Global warming and natural disasters
Scientists are to outline dramatic evidence that global warming threatens the planet in a new and unexpected way – by triggering earthquakes, tsunamis, avalanches and volcanic eruptions.
Reports by international groups of researchers – to be presented at a London conference next week – will show that climate change, caused by rising outputs of carbon dioxide from vehicles, factories and power stations, will not only affect the atmosphere and the sea but will alter the geology of the Earth.
Melting glaciers will set off avalanches, floods and mud flows in the Alps and other mountain ranges; torrential rainfall in the UK is likely to cause widespread erosion; while disappearing Greenland and Antarctic ice sheets threaten to let loose underwater landslides, triggering tsunamis that could even strike the seas around Britain.
At the same time the disappearance of ice caps will change the pressures acting on the Earth's crust and set off volcanic eruptions across the globe. Life on Earth faces a warm future – and a fiery one.
"Not only are the oceans and atmosphere conspiring against us, bringing baking temperatures, more powerful storms and floods, but the crust beneath our feet seems likely to join in too, " said Professor Bill McGuire, director of the Benfield Hazard Research Centre, at University College London (UCL).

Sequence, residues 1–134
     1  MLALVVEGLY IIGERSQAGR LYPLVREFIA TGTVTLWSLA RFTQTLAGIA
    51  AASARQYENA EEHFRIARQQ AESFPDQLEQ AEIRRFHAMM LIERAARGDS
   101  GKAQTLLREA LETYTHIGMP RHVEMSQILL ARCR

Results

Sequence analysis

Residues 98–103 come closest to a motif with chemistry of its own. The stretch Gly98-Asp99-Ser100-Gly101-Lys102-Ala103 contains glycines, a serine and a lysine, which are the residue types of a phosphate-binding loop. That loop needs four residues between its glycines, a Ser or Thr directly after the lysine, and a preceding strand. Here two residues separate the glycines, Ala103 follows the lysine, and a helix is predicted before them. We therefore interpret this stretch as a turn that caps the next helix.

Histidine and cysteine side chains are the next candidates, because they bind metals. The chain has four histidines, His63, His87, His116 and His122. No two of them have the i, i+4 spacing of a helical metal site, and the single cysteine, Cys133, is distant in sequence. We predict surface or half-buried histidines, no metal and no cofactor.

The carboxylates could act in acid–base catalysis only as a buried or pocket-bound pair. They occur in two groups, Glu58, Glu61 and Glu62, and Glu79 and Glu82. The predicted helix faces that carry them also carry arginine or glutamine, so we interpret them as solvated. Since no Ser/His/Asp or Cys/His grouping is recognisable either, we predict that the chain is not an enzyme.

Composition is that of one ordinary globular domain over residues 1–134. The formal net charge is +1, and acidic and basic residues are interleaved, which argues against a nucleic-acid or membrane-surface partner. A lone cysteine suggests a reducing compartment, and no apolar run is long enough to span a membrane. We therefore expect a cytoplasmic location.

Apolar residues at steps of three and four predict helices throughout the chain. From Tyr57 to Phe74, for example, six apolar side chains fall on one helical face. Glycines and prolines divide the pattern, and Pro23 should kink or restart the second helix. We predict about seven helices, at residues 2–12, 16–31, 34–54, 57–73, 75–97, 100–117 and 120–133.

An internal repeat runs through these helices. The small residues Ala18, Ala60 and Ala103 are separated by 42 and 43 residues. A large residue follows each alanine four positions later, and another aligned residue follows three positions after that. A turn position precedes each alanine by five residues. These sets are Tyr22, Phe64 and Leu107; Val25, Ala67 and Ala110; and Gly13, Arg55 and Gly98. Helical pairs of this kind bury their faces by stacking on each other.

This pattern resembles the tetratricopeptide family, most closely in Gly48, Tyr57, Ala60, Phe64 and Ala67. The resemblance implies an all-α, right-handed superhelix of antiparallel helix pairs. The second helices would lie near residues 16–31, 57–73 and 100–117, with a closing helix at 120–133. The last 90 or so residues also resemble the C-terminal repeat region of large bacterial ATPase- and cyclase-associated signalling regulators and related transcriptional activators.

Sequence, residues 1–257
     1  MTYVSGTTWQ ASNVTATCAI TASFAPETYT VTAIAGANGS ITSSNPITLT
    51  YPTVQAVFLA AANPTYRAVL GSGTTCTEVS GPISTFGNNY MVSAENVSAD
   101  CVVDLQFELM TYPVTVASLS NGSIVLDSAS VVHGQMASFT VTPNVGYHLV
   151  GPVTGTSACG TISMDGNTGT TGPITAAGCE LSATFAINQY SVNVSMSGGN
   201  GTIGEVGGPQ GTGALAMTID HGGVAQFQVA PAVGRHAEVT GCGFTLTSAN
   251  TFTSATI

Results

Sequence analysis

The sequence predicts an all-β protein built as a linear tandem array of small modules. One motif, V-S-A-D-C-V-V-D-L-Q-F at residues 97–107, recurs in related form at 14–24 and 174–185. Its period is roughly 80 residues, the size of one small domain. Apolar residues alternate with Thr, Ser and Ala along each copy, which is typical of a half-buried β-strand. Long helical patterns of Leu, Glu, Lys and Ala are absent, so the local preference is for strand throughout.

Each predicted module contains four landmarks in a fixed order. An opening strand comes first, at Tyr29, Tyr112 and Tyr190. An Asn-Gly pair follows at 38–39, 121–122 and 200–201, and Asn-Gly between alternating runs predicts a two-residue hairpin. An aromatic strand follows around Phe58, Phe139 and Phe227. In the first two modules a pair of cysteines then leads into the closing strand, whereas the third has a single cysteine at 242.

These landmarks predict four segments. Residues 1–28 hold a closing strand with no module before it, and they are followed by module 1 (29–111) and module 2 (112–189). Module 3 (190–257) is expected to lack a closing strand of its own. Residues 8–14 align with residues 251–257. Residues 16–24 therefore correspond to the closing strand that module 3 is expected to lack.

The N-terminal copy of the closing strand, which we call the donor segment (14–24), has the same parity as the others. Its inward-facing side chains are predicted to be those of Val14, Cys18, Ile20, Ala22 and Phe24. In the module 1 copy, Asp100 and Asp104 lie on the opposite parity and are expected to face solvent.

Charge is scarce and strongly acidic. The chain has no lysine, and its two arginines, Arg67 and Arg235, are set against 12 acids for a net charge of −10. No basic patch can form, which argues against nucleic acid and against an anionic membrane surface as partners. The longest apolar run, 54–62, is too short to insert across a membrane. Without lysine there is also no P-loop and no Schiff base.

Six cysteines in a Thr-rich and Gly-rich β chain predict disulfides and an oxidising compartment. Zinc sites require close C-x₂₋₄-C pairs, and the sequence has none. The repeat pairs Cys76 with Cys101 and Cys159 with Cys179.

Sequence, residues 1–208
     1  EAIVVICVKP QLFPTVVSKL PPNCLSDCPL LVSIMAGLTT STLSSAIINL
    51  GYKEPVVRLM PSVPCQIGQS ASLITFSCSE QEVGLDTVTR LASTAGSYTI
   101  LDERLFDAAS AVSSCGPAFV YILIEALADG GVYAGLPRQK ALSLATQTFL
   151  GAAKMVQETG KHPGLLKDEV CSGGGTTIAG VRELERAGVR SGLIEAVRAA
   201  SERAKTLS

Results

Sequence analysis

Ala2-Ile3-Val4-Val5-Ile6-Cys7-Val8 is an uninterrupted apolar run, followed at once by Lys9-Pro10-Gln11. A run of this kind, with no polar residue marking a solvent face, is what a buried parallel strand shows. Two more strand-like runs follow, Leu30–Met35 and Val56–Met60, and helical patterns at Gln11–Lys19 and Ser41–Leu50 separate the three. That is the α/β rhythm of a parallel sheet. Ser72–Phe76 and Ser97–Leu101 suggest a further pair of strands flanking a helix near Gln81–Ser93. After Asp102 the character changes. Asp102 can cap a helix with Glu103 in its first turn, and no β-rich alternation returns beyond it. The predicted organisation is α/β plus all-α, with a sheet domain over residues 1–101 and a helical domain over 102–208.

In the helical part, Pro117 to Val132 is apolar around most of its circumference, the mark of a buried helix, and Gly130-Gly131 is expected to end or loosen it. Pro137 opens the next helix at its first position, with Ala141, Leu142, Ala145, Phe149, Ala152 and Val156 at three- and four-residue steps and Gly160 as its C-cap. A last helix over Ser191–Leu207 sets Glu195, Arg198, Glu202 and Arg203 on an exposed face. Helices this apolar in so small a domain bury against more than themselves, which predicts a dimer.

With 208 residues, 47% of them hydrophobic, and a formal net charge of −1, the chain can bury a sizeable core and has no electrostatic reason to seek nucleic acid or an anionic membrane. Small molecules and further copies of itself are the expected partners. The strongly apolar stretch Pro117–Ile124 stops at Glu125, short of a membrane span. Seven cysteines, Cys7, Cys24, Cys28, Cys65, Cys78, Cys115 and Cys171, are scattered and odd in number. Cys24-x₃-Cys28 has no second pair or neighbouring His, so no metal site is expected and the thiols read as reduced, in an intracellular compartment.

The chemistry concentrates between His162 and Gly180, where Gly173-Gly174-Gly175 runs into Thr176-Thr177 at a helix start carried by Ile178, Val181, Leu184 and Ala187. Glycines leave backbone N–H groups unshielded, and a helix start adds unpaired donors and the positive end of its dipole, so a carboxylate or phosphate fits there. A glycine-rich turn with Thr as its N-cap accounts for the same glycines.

"Maybe the Earth is trying to tell us something, " added McGuire, who is one of the organisers of UCL's Climate Forcing of Geological Hazards conference, which will open on 15 September. Some of the key evidence to be presented at the conference will come from studies of past volcanic activity. These indicate that when ice sheets disappear the number of eruptions increases, said Professor David Pyle, of Oxford University's earth sciences department.
"The last ice age came to an end between 12, 000 to 15, 000 years ago and the ice sheets that once covered central Europe shrank dramatically, " added Pyle. "The impact on the continent's geology can by measured by the jump in volcanic activity that occurred at this time."
In the Eiffel region of western Germany a huge eruption created a vast caldera, or basin-shaped crater, 12, 900 years ago, for example. This has since flooded to form the Laacher See, near Koblenz. Scientists are now studying volcanic regions in Chile and Alaska – where glaciers and ice sheets are shrinking rapidly as the planet heats up – in an effort to anticipate the eruptions that might be set off.
Climate Change: Factors Affecting Climate Change, How Climate Change Affects Peoples Lives, And Emergency Plans To Minimize The Effects Of Natural Disasters